The Turn of the Screw
Originally published in 1898 by Macmillan, The Turn of the Screw is a novella that might or might not be a ghost story. The plot, as described by a third party narrator, follows the experiences of a... More > governess at a country estate in Essex whose task it is to look after two small children the parents of which have recently died. The governess begins to see a man and a woman around the estate, neither of whom she recognises, though she suspects that they are apparitions of the previous governess, Miss Jessel and her lover Peter Quint.
The Turn of the Screw is famed for its ambiguity, enabling the reader to interpret the story in more than one way, perhaps seeing Jessel and Quint as ghost, or maybe believing that the governess is actually insane. James' abilities as a writer make this possible but they also give a sense of his perceptiveness for character development and using character to shape reader's impressions.< Less
What Maisie Knew
Originally serialised in the New Review in 1897 before being published in book form later that year, What Maisie Knew details the fate of a young daughter, Maisie of the title, as she is flung back... More > and forth between divorced parents who care very little about what might be good for her. The narrative follows Maisie's impressions as her parent, Beale and Ida Farange, are divorced, find new partners, passing her back and forth twice a year and change her governess.
In its subject matter, What Maisie Knew, is a furious indictment of English society as James saw it, particularly the abdication of parental responsibilities. While life in late Victorian England might seem tame by today's standards, James saw it otherwise and the novel is testament to a society moved by greed and selfishness.< Less
The Wings of the Dove
Originally published in 1902 by Scribners, The Wings of the Dove tells the story of Milly Theale, an American heiress suffering from a terminal disease and how those two properties – riches and... More > an imminent demise – influence those who are close to her. The 'close' friends are an unmarried couple, Kate Croy and Merton Densher, the latter a former suitor of Milly, the former a schemer who seeks to obtain some or all of the Theale inheritance.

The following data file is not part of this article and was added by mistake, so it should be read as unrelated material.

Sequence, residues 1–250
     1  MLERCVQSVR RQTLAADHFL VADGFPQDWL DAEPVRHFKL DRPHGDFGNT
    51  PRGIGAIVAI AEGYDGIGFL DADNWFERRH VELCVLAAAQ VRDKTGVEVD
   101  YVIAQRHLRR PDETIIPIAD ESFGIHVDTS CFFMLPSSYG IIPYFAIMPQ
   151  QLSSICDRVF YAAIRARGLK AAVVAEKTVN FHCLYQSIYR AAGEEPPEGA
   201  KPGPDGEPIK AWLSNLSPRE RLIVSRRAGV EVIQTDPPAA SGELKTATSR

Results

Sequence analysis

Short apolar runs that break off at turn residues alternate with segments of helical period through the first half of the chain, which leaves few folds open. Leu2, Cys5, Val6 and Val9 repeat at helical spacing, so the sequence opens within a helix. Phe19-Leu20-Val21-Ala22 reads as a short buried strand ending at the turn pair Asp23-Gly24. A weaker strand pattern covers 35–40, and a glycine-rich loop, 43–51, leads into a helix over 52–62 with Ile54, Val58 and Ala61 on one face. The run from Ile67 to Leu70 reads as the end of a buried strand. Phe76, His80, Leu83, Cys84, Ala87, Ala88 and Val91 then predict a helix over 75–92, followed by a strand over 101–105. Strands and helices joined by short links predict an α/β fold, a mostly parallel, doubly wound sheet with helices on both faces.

The character of Milly Theale is based on the real life cousin of James, Minny Temple, who died of tuberculosis in 1870. Similarities in the name and in the circumstances make this association plain enough, but James was also happy to admit it, stating that the book was in part an effort to preserve her memory in the way he knew best.< Less
The Tragic Muse
Originally serialised in the Atlantic Monthly between 1889 and 1890, before being published in book form later in the year, The Tragic Muse was James' last full novel before his doomed foray into... More > writing for the stage. The plot also hinges on dramatic leanings, with Miriam Rooth, a young and by all accounts extremely raw actress, providing the love interest for one of the other leads in Peter Sherringham, a high flyer in the British Diplomatic Service. Other characters include, Nick Dormer, a politician who'd prefer to be an artist and his partner Julia Darrow who prefers him in the House of Commons.
There are in fact at least fifty named characters in The Tragic Muse and a plot to carry them through, making the novel an oddity in the James portfolio. In truth it reads more like a typically Victorian novel from authors like Dickens or Thackaray, rather than the pared down character studies that James would perfect towards the end of his career.< Less